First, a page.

Alex Leslie

leslie headshot CCAThis email address is being protected from spambots. You need JavaScript enabled to view it. is a PhD candidate in the English Department at Rutgers University. His research primarily focuses on the intersection of print circulation and cultural geography in the long nineteenth century. His dissertation “Reading Regionally: Cultural Geography and American Literature, 1865-1915” argues that region was not simply a framework for representing cultural difference but a structuring principle of the postbellum cultural field: it explores how literary texts were read differently in different regions of the country and how this fact shaped editorial policy and authorial production. Alex is also currently the Rutgers Libraries Graduate Digital Humanities Specialist.

 

Irina Nicorici

IMG 20180814 094615 31240This email address is being protected from spambots. You need JavaScript enabled to view it. is an advanced PhD student in Sociology at Rutgers. Her dissertation focuses on the Soviet migration policies and the bureaucratic processing of applications for entry into or exit from the USSR. Empirically, she investigates how the Soviet Union and its heirs collected data about their inhabitants and visitors between 1960 and 2000, how the state machineries accounted for and controlled who belonged, and how the publics responded to such evaluative metrics. In addition to the sociology of citizenship, she is also interested in the gendered logics of stratification, migration control, state organization and economic governance, as well as race and ethnic relations.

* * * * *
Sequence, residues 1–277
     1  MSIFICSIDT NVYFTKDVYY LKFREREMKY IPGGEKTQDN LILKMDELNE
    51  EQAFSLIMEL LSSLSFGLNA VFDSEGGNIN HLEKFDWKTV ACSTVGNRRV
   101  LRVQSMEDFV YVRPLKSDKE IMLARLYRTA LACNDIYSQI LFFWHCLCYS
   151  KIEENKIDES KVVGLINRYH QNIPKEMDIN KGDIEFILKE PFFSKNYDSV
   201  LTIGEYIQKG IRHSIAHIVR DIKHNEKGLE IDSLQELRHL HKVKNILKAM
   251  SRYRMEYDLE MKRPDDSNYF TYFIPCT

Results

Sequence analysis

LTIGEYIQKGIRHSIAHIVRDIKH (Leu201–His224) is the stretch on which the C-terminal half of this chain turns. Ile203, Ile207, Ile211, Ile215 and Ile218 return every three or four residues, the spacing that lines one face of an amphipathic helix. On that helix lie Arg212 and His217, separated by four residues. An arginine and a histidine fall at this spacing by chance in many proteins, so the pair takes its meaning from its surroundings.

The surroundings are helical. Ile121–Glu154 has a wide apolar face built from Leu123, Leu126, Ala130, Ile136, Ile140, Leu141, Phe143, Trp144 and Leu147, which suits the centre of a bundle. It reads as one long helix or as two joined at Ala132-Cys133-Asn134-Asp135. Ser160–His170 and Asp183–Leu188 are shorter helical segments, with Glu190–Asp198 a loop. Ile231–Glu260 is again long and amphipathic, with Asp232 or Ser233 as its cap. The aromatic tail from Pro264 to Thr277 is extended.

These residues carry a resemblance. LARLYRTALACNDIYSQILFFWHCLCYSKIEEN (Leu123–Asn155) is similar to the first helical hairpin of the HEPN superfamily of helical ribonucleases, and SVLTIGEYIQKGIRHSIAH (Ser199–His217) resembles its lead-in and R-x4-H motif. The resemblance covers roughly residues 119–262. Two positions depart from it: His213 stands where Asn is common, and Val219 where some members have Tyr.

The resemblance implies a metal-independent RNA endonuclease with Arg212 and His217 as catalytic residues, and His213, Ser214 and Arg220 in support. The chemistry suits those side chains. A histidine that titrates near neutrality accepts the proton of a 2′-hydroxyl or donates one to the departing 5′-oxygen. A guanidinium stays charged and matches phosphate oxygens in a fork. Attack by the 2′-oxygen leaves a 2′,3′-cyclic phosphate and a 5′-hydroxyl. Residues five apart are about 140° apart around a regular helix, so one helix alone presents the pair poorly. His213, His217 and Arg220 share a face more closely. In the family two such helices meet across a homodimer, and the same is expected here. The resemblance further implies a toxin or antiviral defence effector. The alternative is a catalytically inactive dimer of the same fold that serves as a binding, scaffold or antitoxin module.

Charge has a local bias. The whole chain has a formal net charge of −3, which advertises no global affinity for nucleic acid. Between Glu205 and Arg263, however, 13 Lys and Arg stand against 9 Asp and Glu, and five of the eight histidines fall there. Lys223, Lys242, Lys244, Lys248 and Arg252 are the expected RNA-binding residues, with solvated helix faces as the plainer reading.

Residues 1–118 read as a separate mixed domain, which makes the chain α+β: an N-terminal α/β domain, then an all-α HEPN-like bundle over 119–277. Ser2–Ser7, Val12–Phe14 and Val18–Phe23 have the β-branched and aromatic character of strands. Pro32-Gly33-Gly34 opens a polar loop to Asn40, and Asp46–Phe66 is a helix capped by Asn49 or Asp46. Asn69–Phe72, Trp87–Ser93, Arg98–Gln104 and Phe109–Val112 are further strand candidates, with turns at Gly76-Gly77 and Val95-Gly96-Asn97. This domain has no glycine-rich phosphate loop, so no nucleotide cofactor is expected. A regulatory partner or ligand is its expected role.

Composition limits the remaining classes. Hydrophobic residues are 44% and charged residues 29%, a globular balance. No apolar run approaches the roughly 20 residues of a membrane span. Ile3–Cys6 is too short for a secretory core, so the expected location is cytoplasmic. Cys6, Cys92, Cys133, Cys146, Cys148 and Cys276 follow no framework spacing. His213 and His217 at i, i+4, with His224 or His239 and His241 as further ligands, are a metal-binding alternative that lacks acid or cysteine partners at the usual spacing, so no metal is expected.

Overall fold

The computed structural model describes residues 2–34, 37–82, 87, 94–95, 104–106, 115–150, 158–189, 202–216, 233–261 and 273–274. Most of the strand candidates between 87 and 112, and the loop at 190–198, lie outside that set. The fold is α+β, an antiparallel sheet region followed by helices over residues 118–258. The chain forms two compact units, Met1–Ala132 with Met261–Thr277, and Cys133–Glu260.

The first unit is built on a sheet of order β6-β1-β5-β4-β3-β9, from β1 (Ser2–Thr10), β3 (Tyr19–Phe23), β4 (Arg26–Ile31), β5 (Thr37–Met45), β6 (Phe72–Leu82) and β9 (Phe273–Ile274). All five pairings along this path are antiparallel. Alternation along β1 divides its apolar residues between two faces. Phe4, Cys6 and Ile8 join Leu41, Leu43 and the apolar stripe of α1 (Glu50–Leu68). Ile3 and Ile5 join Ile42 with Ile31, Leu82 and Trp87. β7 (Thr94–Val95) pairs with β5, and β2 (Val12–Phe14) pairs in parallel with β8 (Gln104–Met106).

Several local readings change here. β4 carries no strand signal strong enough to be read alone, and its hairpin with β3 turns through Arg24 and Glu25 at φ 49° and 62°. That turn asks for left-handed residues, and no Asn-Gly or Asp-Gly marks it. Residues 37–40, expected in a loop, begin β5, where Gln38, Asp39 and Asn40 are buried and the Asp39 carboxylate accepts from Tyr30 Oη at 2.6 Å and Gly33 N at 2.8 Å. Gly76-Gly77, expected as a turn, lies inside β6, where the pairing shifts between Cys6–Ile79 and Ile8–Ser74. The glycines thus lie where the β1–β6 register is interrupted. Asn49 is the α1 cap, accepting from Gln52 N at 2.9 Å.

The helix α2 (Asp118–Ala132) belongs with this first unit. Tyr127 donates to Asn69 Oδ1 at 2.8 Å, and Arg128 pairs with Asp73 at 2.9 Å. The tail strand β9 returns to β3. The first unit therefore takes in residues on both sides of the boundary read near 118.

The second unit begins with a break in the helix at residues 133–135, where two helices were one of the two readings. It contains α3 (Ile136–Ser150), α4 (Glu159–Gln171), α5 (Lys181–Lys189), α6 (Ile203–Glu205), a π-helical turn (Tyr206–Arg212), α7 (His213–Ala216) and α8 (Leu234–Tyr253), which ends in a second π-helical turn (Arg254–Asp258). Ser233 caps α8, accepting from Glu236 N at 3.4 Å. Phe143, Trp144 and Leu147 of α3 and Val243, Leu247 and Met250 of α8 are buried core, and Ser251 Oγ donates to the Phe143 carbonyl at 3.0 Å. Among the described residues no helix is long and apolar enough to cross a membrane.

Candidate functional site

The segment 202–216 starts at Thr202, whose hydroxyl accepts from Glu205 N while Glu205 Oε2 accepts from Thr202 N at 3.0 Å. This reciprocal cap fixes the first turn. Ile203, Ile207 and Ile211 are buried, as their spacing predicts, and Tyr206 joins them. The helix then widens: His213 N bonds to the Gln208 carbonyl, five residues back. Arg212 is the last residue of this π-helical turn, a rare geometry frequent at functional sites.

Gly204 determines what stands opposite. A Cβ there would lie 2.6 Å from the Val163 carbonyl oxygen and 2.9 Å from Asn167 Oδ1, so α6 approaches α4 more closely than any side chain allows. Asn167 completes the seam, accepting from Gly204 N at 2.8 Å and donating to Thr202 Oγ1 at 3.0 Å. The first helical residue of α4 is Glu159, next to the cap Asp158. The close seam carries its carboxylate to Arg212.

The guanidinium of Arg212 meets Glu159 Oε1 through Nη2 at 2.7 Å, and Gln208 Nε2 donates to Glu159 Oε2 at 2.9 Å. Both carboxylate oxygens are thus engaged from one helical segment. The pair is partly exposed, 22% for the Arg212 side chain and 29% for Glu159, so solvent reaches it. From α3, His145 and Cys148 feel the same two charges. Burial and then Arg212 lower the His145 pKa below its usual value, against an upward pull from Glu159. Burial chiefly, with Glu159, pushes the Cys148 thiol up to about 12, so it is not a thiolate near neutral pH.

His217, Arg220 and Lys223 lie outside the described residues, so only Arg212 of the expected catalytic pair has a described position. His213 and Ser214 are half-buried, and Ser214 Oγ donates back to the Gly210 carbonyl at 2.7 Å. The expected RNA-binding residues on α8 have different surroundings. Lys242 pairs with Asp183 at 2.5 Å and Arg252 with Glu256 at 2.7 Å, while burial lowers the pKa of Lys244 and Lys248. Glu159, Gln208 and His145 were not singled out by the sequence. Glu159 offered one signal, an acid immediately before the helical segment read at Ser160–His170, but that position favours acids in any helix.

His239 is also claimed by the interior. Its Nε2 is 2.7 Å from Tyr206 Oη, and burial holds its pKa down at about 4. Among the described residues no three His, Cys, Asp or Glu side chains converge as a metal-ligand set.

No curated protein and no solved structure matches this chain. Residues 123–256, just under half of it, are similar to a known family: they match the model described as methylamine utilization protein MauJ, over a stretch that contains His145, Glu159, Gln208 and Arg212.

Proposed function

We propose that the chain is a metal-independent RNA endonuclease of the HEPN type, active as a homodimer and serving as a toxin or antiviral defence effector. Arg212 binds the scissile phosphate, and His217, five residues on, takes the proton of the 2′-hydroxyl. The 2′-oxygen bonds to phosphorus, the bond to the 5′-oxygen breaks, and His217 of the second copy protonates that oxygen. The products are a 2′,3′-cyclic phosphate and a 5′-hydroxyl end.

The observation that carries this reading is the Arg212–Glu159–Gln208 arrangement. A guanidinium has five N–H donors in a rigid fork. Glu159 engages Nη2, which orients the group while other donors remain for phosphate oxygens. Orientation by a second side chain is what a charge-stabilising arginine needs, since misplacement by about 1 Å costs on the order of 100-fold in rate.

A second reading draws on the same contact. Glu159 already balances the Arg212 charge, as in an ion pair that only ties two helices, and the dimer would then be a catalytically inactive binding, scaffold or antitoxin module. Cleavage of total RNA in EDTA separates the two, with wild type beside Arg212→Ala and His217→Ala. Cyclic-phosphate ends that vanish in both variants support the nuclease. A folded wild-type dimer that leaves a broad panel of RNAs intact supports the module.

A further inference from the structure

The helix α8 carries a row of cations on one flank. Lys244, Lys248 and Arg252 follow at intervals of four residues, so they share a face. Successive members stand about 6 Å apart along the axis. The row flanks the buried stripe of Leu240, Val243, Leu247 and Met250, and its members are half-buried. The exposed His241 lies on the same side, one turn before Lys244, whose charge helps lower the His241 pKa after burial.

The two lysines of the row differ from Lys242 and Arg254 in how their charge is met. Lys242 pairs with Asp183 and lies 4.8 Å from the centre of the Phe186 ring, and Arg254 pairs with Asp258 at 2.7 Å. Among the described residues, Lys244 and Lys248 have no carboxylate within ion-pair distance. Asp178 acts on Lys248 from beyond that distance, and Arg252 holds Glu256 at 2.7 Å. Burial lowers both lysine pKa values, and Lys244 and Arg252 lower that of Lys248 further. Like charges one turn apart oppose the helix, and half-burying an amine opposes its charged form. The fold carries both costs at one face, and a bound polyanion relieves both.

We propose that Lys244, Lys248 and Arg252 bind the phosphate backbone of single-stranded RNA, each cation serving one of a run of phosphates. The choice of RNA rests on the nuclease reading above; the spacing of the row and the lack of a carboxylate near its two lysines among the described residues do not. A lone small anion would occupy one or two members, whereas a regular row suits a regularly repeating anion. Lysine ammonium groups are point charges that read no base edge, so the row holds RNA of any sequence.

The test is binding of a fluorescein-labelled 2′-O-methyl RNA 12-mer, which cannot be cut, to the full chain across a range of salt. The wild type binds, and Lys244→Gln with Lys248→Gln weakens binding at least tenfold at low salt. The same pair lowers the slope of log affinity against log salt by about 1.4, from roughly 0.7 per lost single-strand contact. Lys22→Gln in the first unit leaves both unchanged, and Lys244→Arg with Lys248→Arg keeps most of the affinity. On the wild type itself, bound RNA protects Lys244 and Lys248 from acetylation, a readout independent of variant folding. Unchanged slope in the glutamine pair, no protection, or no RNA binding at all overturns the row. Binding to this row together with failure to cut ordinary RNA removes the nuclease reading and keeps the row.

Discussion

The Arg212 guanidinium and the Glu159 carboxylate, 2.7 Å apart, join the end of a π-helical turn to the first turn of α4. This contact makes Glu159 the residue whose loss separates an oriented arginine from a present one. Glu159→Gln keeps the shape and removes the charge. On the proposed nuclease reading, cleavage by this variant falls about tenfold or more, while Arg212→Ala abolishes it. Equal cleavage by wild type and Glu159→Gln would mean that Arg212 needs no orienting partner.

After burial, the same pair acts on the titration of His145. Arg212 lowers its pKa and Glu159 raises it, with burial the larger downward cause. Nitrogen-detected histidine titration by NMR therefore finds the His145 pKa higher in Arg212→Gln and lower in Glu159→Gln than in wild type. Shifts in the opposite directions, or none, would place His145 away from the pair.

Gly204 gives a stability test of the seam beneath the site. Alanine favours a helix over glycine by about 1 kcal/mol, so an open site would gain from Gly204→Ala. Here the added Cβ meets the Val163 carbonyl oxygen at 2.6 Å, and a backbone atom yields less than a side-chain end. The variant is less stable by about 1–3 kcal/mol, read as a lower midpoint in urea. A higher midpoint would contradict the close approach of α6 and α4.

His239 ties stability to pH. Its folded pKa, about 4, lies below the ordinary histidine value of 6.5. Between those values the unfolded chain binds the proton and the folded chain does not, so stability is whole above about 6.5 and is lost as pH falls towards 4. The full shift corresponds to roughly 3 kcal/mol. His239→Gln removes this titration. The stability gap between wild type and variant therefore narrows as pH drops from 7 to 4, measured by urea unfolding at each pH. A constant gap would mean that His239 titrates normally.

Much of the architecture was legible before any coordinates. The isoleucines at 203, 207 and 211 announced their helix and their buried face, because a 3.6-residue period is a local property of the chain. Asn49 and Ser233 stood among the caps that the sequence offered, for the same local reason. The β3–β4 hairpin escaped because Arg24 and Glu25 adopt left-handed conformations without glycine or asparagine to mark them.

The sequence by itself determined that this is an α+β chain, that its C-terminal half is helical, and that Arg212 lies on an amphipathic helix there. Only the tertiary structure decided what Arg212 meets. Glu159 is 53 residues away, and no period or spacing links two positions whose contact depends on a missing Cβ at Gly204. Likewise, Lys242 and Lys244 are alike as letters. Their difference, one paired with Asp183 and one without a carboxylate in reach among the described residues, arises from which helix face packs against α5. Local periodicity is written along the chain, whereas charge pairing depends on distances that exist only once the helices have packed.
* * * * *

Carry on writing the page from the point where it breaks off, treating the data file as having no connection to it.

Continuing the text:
Mónica Hernández Ospina

hernandez headshot CCAThis email address is being protected from spambots. You need JavaScript enabled to view it. is a doctoral candidate in the Geography Department at Rutgers, the State University of New Jersey. Her research interests have been focused on the formation of territories and contested spaces in contexts of conflict over land ownership, as it traditionally occurs in Colombia. In her current research, she analyzes collective land property conflicts and how collective titling processes are used by state governments as instruments to protect ethnic communities. Using fieldwork and archival research, she studies processes through which Afro Colombians obtained collective titles of ownership for the territories they have occupied traditionally. Working on different scales, her goal is to examine the tensions between state and rural/ethnic communities, using land property as a relationship where those tensions are constantly deployed.